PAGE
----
He said he would recommend providing the funding needed to repair but not expand highway infrastructure along the route, but also to support efforts to develop high-speed rail.

Skancke noted that environmental approvals for a proposed highway known as the High Desert Corridor between Victorville and Palmdale, Calif., would be completed by summer. The significance of that 50-mile highway, advocated by Skancke a decade ago, is that includes a high-speed rail corridor.

Las Vegas-based XpressWest, planning a high-speed rail system connecting Las Vegas with Southern California, would use the High Desert Corridor to link its system from Victorville to the California High-Speed system that will pass through Palmdale on its way south to Los Angeles’ Union Station.

XpressWest is not seeking public funding for the project, but has considered applying for loans through a Federal Railroad Administration program.

Skancke also updated the board on the Interstate 11, a new four-lane highway project linking Mexico and Nevada. Crews already have begun a key portion of the project, a 15-mile bypass around Boulder City. Skancke said the project leaped forward when federal officials encouraged state leaders to begin developing I-11 routes between Las Vegas and Northern Nevada.

He also alerted board members of an upcoming highway closure that could affect weekend traffic beginning Friday. California crews will close the interchange of California highways 71 and 91 for 55 hours for construction Feb. 19-22.

The closure could affect Orange County traffic heading to and from Las Vegas for the three-day holiday weekend. Skancke said the alternative was to close the interchange over 10 weekends.

In other business, the board received a report from Rick Arpin, senior vice president of entertainment for MGM Resorts International, about April’s opening of the T-Mobile Arena just west of New York-New York.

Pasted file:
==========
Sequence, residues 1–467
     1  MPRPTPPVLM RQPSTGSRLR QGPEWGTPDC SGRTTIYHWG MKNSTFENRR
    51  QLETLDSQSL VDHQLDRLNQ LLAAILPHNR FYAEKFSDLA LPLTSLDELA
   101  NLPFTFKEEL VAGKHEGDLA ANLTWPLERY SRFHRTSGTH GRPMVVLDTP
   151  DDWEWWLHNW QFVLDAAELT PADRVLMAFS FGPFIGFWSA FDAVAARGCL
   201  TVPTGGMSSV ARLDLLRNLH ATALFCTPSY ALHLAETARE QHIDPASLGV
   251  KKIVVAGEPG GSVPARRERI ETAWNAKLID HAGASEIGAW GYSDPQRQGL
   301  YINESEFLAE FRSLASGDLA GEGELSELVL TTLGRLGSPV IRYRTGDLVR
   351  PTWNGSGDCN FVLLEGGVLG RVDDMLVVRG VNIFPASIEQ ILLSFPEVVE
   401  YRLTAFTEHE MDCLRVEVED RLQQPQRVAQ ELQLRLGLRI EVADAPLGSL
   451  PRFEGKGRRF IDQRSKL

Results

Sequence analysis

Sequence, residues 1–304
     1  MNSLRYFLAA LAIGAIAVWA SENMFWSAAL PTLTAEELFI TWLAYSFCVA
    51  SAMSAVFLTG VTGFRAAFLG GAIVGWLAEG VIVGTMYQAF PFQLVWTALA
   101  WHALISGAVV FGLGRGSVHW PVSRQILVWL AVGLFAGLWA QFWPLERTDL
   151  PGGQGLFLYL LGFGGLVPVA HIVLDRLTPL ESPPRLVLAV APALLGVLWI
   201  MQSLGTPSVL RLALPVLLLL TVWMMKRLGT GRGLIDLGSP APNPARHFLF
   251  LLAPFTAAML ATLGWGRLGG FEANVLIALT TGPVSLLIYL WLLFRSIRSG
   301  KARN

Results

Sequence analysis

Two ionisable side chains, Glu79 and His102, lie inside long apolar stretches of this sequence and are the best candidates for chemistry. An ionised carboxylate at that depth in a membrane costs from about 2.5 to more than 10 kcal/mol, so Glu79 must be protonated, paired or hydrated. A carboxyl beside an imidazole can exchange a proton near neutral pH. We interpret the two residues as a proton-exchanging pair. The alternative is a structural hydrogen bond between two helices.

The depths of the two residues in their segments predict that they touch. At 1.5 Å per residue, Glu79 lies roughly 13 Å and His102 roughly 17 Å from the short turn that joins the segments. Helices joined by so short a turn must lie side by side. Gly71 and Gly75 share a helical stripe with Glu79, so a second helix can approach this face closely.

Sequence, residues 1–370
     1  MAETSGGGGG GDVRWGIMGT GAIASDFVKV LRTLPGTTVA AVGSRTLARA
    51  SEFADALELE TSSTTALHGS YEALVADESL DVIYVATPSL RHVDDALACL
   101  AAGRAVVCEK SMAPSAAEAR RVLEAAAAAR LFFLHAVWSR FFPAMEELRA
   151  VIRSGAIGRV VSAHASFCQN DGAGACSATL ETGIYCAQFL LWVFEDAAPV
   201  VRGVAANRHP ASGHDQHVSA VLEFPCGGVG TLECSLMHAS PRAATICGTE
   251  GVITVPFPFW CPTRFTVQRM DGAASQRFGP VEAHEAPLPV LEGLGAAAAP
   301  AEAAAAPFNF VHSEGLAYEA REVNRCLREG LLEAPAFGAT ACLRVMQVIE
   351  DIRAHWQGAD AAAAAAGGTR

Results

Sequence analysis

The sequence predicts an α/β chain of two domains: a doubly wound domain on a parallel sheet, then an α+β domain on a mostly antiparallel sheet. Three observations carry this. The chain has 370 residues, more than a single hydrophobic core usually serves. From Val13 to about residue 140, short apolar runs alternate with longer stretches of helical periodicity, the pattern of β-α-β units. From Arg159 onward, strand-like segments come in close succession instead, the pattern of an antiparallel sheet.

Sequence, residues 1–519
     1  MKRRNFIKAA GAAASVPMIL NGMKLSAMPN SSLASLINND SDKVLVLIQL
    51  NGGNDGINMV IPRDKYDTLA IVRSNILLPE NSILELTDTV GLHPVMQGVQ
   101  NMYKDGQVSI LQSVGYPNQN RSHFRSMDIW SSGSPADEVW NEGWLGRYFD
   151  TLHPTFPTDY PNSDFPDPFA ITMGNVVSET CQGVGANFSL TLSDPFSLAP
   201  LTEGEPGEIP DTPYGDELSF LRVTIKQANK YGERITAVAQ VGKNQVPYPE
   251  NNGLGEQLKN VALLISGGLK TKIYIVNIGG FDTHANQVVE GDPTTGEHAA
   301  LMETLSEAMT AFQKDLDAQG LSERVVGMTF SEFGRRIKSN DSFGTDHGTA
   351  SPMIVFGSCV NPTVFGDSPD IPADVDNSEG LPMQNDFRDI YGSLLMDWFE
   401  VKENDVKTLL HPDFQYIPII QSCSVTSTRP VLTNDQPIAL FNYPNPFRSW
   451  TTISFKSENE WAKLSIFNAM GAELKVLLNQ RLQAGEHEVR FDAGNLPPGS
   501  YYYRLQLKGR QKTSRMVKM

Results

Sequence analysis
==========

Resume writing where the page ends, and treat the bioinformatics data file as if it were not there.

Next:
The arena, which will hold between 16,000 and 20,000 people, depending on how seats are configured, has been designed to draw major special events that previously couldn’t be accommodated in existing Las Vegas venues.

Arpin said no gaming company sponsorships have been sold at the arena, but several casino companies have embraced the arena by purchasing their own luxury boxes for high-roller guests.

Arpin said the arena itself is expected to result in at least 500,000 visitors who would plan a trip to Las Vegas just to see an event there. He said the arena has produced 1,500 construction jobs, 640 jobs for arena workers and 1,055 support jobs from vendors. It is expected to produce $850 million in recurring economic impact each year and $50 million annually in new tax revenue.

The arena will be opened by The Killers, a Las Vegas-based band, and Wayne Newton on April 6. Future dates include performances by George Strait, Garth Brooks, and Guns ‘n Roses. The UNLV Rebels basketball team will also square off against Duke there in December and Arpin said he believes the NCAA is ready to amend its policies to enable collegiate sports events to be staged in Las Vegas. That means the potential of hosting early rounds of the March Madness tournament as well as the NCAA wrestling championships, usually held in the Midwest, collegiate hockey’s Frozen Four, usually scheduled on the East Coast, and a variety of collegiate gymnastics and volleyball events as well.